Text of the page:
Greenland is a rugged, mountainous, contrasting land; where the northern lights twinkle in winter and the midnight sun shines out in summer, it’s a place where you may see dogsledding one day and skateboarding the next. Visit Greenland to see vast beautiful, wilderness where little colourful wooden cottages dot the west coast.
• Northern Lights
• Disko Bay
• Arctic Circle
• Ilulissat Icefjord
• Prins Christiansund
Weather-wise, the best time to visit Greenland is in the high season between June and August. Temperatures won’t be warm, but it will be much less chilly than the rest of the year! Visit Greenland in summer for midnight sun and many outdoor activities including sailing on the fjords and hiking in the mountains.
Experiencing the northern lights is only possible when the sky is dark and clear, so this requires a winter trip sometime between October through March. If you’re after some classic Greenlandic dogsledding, you’ll also want to visit in winter, as it all depends on the snowfall!
Currency Danish krone
Language Greenlandic, Danish
Why we love it With stunning scenery and a plethora of untouched wilderness, Greenland truly is off the beaten track. In fact, there are virtually no roads between the towns and villages of the country. From awe-inspiring mountainscapes and glaciers to magnificent fjords, Greenland is a shining display of the raw power of nature. Bathe in the midnight sun, be spell-bound by the northern lights, or get adventurous with some sea kayaking, fishing, or rock climbing.
Weather The best time to visit Greenland is the summer, between June and August. Rain and snow are rarer in June, July is the warmest month, and the rain becomes more frequent the closer you get to August. The average temperature in Nuuk ranges from -8°C in February to 7°C in July. Temperatures in Ilulissat average -14°C in February, and 8.5°C in July.
Social customs & quirks Traditional Inuit beliefs and customs are widespread in Greenland, particularly a strong sense of etiquette. A blend of Inuit and Danish cultures are present in the country, but the Inuit traditions are very important to Greenland’s national identity and the vast majority of European Greenlanders are sensitive to the perspectives and culture of the Inuit people. Hunting and fishing are incredibly important as they have been a necessary means for survival in Greenland, with the climate not allowing for effective farming.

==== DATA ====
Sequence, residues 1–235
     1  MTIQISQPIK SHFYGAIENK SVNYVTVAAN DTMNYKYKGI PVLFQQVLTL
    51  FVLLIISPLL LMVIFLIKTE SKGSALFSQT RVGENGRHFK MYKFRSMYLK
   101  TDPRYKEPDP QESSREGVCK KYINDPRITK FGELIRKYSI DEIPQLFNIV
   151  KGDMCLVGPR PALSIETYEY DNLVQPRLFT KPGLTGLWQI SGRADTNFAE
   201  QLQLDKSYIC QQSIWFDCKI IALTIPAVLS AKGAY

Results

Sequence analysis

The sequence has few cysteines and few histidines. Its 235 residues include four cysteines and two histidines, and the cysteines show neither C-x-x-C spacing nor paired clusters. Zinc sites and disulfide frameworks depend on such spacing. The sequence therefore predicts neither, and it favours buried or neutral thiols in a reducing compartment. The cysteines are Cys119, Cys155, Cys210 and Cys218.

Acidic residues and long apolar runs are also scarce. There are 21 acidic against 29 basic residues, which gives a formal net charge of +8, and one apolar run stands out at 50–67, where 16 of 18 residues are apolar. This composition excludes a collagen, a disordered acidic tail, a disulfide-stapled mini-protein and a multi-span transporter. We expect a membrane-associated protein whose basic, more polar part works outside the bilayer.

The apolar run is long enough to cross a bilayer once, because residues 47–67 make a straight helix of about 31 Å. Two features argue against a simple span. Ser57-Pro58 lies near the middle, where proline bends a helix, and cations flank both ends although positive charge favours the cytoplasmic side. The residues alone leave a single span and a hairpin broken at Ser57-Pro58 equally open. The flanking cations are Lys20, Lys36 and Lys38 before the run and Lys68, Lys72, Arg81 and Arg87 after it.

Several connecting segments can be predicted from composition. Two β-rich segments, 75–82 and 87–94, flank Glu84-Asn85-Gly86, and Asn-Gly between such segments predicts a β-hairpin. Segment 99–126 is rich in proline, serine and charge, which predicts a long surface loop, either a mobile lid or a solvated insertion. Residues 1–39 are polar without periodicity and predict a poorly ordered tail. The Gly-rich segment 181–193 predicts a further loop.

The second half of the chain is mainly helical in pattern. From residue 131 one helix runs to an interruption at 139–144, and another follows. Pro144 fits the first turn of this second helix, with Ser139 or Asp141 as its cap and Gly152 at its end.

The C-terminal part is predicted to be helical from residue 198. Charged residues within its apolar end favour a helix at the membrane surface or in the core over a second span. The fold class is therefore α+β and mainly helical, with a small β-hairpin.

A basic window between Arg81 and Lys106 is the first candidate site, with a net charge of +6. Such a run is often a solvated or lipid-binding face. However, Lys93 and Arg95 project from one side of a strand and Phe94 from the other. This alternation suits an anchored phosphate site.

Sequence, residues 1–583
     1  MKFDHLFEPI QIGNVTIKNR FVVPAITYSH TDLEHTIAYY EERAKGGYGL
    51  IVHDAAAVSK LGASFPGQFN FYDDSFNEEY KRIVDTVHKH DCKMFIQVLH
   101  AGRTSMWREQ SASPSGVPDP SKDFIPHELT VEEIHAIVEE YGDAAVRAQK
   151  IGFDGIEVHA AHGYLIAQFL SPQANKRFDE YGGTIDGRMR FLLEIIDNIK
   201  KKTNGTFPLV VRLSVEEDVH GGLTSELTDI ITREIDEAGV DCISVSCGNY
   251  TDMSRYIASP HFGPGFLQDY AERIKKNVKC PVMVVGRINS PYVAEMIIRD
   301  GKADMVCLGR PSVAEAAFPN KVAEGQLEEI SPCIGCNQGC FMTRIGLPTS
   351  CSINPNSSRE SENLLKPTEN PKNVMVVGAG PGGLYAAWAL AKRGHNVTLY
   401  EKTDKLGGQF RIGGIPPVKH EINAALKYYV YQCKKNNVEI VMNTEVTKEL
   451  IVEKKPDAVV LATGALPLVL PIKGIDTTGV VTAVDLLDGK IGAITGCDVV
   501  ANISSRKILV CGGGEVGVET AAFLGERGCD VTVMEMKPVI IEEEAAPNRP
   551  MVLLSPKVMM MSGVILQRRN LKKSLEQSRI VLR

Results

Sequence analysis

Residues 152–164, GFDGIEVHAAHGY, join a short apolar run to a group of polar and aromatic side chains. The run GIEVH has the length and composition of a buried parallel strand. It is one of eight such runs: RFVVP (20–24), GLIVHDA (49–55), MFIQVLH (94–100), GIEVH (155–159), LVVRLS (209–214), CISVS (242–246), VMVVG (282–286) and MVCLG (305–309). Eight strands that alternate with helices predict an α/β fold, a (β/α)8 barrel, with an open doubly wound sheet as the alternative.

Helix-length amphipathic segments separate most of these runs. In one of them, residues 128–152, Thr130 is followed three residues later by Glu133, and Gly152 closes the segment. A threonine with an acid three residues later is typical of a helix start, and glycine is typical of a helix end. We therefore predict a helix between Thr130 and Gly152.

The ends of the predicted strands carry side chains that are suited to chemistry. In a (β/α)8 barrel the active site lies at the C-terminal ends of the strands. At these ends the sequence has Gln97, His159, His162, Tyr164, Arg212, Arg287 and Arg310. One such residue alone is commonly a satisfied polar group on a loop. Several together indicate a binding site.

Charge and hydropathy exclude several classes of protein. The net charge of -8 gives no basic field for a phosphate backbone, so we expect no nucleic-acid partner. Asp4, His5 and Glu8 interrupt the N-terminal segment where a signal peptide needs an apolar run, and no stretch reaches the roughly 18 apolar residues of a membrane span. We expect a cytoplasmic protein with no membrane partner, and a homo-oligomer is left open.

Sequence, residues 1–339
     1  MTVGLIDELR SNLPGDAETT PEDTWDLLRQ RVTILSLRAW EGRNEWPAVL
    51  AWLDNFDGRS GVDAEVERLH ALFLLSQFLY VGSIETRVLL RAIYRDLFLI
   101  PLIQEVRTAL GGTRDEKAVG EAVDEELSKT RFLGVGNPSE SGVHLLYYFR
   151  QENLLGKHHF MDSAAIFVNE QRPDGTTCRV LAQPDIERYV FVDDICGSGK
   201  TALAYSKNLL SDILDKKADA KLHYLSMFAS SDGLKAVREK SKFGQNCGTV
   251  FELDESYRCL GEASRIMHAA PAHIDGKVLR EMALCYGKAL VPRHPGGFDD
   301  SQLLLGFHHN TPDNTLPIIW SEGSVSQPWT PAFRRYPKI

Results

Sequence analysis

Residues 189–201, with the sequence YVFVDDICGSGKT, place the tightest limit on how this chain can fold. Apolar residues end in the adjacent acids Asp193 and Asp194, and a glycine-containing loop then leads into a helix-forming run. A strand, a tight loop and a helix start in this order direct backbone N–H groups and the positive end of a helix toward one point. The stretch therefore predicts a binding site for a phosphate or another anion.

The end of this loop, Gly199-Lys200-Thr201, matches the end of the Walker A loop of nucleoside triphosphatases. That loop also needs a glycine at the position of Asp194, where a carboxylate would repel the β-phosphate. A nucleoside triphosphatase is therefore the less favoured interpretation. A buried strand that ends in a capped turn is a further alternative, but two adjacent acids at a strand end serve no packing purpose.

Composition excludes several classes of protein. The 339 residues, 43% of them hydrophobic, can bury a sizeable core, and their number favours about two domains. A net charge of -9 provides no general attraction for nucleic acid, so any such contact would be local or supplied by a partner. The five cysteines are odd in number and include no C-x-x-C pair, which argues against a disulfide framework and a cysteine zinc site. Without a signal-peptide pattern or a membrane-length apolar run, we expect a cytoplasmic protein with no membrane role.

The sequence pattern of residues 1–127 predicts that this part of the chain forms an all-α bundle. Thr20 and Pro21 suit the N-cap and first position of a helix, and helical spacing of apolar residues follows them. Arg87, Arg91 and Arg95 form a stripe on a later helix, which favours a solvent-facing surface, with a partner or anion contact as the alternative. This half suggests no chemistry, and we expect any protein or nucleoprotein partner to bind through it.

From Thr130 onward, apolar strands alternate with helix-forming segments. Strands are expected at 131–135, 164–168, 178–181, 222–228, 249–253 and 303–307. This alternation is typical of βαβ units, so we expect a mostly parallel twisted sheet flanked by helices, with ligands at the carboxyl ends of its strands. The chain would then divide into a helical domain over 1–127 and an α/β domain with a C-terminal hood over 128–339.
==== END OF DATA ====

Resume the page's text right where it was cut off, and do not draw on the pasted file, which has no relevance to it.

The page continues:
Festivals & events The Return of the Sun: After months of winter darkness in North Greenland, the sun reappears on the horizon and the people living north of the Arctic Circle celebrate! An example of this is seen on the 13th January where families and school students in Ilulissat take dogsleds out to Seqinniarfik and sing celebratory songs.
Christmas is particularly festive on the island, with towns lighting up their trees and families hanging multitudes of paper stars in their windows. New Year is celebrated in a European way, with fireworks, champagne, and songs, however the Greenlandic people celebrate the Danish New Year at 8pm and then their own Greenlandic New Year at midnight — double the festivities!
Greenland’s National Day is June 21st and is celebrated with the locals donning their colourful national costumes, hanging Danish and Greenlandic flags from their homes, and leading processions complete with music down the main streets.
Health* There are currently no health requirements for entering Greenland.
Notes *Please be aware that Health information is subject to change at any time and you should always double check these requirements at the time of booking and before travel.